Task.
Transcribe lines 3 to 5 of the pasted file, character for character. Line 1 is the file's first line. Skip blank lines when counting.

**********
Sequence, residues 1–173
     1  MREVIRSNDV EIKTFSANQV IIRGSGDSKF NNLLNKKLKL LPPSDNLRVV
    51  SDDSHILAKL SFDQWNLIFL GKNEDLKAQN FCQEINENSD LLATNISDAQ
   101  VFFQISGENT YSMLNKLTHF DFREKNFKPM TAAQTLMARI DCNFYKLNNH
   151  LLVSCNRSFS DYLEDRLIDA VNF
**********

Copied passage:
    51  SDDSHILAKL SFDQWNLIFL GKNEDLKAQN FCQEINENSD LLATNISDAQ
   101  VFFQISGENT YSMLNKLTHF DFREKNFKPM TAAQTLMARI DCNFYKLNNH
   151  LLVSCNRSFS DYLEDRLIDA VNF